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Deep kernel and deep learning for genome-based prediction of single traits in multienvironment breeding trials

Author: Crossa, J.
Author: Martini, J.W.R.
Author: Gianola, D.
Author: Perez-Rodriguez, P.
Author: Jarquín, D.
Author: JULIANA P.
Author: Montesinos-Lopez, O.A.
Author: Cuevas, J.
Year: 2019
ISSN: 1664-8021 (Print)
Format: PDF
Language: English
Publisher: Frontiers
Copyright: CIMMYT manages Intellectual Assets as International Public Goods. The user is free to download, print, store and share this work. In case you want to translate or create any other derivative work and share or distribute such translation/derivative work, please contact indicating the work you want to use and the kind of use you intend; CIMMYT will contact you with the suitable license for that purpose.
Type: Article
Place of Publication: Switzerland
Issue: art. 1168
Volume: 10
DOI: 10.3389/fgene.2019.01168
Description: Deep learning (DL) is a promising method for genomic-enabled prediction. However, the implementation of DL is difficult because many hyperparameters (number of hidden layers, number of neurons, learning rate, number of epochs, batch size, etc.) need to be tuned. For this reason, deep kernel methods, which only require defining the number of layers, may be an attractive alternative. Deep kernel methods emulate DL models with a large number of neurons, but are defined by relatively easily computed covariance matrices. In this research, we compared the genome-based prediction of DL to a deep kernel (arc-cosine kernel, AK), to the commonly used non-additive Gaussian kernel (GK), as well as to the conventional additive genomic best linear unbiased predictor (GBLUP/GB). We used two real wheat data sets for benchmarking these methods. On average, AK and GK outperformed DL and GB. The gain in terms of prediction performance of AK and GK over DL and GB was not large, but AK and GK have the advantage that only one parameter, the number of layers (AK) or the bandwidth parameter (GK), has to be tuned in each method. Furthermore, although AK and GK had similar performance, deep kernel AK is easier to implement than GK, since the parameter "number of layers" is more easily determined than the bandwidth parameter of GK. Comparing AK and DL for the data set of year 2015-2016, the difference in performance of the two methods was bigger, with AK predicting much better than DL. On this data, the optimization of the hyperparameters for DL was difficult and the finally used parameters may have been suboptimal. Our results suggest that AK is a good alternative to DL with the advantage that practically no tuning process is required.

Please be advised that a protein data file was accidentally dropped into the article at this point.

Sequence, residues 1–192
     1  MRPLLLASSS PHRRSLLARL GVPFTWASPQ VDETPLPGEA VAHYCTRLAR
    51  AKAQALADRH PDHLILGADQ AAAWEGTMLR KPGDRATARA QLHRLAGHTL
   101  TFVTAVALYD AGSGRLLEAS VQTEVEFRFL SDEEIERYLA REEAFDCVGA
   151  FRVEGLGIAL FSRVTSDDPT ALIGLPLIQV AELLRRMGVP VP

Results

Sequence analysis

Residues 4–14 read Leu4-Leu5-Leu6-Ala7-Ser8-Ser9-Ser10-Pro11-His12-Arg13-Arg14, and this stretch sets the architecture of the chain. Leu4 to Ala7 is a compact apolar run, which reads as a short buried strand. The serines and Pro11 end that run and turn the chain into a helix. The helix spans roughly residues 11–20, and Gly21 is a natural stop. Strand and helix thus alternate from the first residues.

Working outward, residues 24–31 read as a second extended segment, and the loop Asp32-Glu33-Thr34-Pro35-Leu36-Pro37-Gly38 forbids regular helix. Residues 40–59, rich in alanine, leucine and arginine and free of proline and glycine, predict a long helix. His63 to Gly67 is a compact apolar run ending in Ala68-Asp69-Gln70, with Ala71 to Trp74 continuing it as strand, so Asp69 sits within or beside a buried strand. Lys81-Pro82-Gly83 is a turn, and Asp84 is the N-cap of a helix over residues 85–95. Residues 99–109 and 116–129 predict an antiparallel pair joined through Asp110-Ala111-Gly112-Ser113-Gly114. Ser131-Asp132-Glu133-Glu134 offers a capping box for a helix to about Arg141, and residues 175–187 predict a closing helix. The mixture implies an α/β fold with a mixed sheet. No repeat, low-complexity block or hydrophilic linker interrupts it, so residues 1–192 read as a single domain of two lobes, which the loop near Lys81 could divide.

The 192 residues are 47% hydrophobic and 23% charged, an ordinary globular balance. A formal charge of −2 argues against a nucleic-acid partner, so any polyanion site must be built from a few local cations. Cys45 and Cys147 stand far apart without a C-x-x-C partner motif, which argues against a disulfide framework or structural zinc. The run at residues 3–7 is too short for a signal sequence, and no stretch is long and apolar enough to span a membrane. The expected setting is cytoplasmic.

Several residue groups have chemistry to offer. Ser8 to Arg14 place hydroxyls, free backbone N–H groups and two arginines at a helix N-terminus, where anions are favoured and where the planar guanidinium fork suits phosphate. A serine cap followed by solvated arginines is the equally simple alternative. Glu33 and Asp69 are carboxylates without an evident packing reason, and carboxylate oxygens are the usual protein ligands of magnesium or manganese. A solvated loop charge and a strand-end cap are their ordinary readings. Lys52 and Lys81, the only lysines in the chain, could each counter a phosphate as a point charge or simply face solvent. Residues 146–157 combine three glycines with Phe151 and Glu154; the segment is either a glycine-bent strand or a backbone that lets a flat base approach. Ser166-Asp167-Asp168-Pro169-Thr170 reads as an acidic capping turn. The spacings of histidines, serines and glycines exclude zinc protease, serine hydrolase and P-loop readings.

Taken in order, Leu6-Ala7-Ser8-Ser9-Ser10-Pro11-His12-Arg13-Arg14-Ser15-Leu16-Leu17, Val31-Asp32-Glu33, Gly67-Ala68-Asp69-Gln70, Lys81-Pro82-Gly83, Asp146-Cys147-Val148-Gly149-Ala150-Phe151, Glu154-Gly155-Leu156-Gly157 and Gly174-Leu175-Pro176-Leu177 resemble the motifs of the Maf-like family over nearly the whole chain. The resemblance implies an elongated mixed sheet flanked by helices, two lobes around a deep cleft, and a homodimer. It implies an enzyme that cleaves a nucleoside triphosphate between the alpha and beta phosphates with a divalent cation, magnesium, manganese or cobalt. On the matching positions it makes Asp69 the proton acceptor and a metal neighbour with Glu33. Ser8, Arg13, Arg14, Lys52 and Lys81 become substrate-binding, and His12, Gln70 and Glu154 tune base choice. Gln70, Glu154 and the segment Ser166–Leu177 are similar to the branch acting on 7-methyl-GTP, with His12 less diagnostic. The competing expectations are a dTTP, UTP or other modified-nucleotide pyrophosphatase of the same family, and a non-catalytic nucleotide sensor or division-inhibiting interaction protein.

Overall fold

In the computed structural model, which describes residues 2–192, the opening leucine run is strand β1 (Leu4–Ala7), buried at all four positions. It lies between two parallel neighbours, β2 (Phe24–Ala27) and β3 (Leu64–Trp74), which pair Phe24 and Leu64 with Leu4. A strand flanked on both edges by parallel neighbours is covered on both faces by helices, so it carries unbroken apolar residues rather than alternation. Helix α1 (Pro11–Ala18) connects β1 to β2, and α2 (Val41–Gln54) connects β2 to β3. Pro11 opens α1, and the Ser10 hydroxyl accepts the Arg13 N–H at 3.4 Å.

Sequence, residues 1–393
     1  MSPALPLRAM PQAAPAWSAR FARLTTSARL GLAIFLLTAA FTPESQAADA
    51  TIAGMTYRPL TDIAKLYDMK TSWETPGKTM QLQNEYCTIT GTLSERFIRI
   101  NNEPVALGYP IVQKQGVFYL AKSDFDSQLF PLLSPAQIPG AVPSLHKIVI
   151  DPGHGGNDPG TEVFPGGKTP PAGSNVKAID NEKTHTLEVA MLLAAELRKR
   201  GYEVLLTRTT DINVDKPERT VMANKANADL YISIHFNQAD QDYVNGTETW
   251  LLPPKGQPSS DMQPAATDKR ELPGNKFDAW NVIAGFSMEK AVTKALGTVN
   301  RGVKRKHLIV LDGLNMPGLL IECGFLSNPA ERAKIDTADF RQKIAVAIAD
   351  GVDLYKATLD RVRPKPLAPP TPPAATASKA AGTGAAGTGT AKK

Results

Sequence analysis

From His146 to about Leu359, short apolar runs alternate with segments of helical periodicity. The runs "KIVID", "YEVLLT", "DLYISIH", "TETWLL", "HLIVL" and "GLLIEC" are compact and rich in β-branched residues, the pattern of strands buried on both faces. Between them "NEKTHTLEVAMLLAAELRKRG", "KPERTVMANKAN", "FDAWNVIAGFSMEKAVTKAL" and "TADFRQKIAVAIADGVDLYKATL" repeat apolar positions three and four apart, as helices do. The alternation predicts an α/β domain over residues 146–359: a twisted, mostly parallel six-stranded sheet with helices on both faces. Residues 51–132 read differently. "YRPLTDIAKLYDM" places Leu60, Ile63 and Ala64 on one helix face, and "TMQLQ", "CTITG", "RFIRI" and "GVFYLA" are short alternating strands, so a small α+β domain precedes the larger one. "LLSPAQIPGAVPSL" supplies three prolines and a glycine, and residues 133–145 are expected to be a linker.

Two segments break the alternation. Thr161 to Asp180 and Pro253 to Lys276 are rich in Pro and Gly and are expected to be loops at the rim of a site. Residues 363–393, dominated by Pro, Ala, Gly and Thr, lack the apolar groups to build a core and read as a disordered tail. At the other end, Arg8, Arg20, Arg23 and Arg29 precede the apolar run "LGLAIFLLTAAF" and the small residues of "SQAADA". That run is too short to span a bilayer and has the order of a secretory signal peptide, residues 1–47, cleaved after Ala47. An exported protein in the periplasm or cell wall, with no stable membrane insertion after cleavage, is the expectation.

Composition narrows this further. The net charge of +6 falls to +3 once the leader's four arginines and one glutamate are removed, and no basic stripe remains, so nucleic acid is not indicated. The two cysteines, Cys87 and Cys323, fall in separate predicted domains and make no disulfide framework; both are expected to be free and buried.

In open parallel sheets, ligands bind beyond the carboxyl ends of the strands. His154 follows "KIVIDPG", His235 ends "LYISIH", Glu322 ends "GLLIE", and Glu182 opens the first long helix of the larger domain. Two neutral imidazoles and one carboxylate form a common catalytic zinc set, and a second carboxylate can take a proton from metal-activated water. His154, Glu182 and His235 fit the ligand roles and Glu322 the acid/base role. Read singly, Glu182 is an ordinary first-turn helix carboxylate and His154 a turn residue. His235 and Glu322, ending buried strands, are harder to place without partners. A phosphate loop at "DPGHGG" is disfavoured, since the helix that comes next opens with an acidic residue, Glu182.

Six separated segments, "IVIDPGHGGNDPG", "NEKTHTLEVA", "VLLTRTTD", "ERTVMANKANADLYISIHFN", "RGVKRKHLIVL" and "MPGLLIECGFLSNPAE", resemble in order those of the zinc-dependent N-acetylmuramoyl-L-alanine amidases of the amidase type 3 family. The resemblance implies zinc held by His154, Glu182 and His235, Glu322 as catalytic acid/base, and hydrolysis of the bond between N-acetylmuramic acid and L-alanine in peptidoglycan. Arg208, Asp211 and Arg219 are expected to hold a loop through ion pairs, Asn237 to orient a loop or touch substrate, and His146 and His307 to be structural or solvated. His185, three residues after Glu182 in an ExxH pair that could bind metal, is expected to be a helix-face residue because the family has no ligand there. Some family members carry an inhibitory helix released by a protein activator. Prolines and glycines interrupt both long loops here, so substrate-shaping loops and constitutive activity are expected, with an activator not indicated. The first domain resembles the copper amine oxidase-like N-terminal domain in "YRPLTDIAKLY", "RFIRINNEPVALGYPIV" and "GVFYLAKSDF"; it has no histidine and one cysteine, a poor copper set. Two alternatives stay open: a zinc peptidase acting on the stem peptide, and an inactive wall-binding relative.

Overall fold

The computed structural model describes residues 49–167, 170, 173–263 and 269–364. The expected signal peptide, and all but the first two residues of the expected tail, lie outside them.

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Journal: Frontiers in Genetics

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  • Genetic Resources
    Genetic Resources including germplasm collections, wild relatives, genotyping, genomics, and IP
  • Wheat
    Wheat - breeding, phytopathology, physiology, quality, biotech

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